It was just five years ago that officials switched Flint’s water supply to the severely contaminated Flint River supposedly in hopes of saving money. This was meant to be a temporary “fix” but instead, it caused long-lasting consequences. The high levels of lead leached from old pipes and made their way into the mouths and bodies of Flint residents, including their children. There was a Legionnaires’ Disease outbreak that killed at least a dozen people.
Five years later: things are even worse. Flint has become just one story of many about city after city facing deteriorating water infrastructure and the subsequent public health catastrophes.
Drinking Water Quality & Affordability Are Under Threat
Martin County, Kentucky, made headlines this year when word got around about their residents facing unfathomable water rates for unreliable, shoddy service. We keep hearing more stories about communities like Hoosick Falls, where water has been contaminated by the lab-made and toxic polyfluoroalkyl substances (PFAS), including perfluorooctanoic acid (PFOA) and perfluorooctane sulfonate (PFOS). Meanwhile, a growing water affordability crisis is boiling over in communities nationwide. Utilities are cutting off water service to millions of Americans who can’t afford to pay ever-increasing water bills.
Factory Farms Are Polluting Our Waterways
Iowa’s water lost big this past year too. The state faces severe water quality issues from an expanding factory farm crisis. Agricultural pollution has damaged more than 1,000 miles of Iowa’s rivers and streams and over 59,000 acres of its lakes, ponds, and wetlands. High levels of nitrates from factory farm pollution threaten both aquatic species and the health of those who drink from the tap. Safe drinking water is simply no longer a guarantee. Even though residents have been fighting to halt the polluting industry, Iowa’s elected officials have refused to even acknowledge, let alone attempt to amend, their water quality crisis.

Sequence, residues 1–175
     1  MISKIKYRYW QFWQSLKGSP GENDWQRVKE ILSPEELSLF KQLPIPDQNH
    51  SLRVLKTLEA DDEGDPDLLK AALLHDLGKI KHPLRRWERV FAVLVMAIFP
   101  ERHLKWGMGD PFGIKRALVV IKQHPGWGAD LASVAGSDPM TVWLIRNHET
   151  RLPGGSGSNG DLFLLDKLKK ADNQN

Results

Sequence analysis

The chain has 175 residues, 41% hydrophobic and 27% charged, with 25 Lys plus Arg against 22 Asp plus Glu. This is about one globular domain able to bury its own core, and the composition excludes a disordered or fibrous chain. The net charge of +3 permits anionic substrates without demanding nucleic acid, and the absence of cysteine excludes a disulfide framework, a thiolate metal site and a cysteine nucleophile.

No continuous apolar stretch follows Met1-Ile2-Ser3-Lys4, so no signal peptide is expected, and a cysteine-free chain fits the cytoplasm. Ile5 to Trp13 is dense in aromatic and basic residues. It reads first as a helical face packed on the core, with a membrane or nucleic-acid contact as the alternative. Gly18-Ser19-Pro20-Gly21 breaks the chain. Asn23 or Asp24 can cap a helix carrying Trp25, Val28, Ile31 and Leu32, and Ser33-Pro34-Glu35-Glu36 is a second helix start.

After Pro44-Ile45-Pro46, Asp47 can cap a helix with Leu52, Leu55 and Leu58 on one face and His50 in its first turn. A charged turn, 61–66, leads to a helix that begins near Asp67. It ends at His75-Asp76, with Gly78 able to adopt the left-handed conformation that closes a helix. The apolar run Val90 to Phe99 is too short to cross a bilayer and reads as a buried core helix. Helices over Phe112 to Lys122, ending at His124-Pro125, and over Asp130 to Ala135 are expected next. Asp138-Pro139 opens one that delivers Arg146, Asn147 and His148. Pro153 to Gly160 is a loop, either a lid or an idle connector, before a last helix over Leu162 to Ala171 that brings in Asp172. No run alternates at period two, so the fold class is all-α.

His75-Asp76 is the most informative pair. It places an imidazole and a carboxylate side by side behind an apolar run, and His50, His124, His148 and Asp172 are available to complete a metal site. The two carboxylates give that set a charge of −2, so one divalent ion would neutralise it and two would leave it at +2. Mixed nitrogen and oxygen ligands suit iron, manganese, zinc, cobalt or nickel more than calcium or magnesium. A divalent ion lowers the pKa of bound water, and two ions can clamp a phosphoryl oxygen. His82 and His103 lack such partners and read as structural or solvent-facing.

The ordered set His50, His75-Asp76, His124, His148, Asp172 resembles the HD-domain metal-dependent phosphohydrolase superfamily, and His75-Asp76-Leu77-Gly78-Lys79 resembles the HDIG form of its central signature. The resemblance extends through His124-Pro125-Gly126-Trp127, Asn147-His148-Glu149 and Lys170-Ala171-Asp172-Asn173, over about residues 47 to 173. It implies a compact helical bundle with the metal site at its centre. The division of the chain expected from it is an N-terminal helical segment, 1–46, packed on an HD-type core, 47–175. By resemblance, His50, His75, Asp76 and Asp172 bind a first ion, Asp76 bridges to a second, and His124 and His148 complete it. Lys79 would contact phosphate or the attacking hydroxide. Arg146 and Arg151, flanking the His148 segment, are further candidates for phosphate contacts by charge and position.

Solutions That Match the Scale of the Problem
And on top of it all, our climate is changing. We have less and less time to get off fossil fuels and avert climate chaos every day. Our water systems are already experiencing the challenges of a changing climate: from water supplies that are stressed or compromised to increased rainfall overburdening stormwater systems and critical infrastructure vulnerable to extreme weather.
Our country will continue to face an increasingly pervasive water crisis if our elected officials carry on business as usual. Food & Water Watch is working on the local and state level to pressure our leaders to protect and upgrade our water systems, but the real answer to water woes in our country is through a national response. The Water Affordability, Transparency, Equity and Reliability (WATER Act), introduced this year in both the House and the Senate by Reps. Barbara Lawrence and Ro Khanna and Senator Bernie Sanders, would allocate $35 billion a year in funding to upgrade our drinking water and wastewater systems. It would create a million jobs in the process and make sure vulnerable places like rural municipalities, Native American communities, and communities affected by PFAs are specifically addressed.
Instead of forcing everyday working Americans to shoulder the full cost of safe water, the WATER Act ensures Wall Street is paying its fair share. It rolls back a small portion of the Trump administration’s corporate tax cuts to provide a long-term, sustainable source of funding for safe and clean water. And now you can help too.